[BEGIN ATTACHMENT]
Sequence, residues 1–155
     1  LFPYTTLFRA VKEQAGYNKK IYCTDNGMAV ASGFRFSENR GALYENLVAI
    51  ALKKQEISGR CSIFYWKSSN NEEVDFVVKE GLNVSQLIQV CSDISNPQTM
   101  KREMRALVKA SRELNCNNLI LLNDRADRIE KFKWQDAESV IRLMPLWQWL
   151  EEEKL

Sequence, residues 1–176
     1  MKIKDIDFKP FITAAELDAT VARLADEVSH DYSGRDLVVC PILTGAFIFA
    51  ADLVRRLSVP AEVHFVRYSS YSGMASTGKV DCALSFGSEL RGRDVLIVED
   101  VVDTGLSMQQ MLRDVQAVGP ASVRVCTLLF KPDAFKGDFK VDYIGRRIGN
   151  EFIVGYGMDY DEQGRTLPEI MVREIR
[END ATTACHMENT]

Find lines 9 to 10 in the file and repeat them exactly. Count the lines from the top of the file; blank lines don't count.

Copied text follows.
   101  VVDTGLSMQQ MLRDVQAVGP ASVRVCTLLF KPDAFKGDFK VDYIGRRIGN
   151  EFIVGYGMDY DEQGRTLPEI MVREIR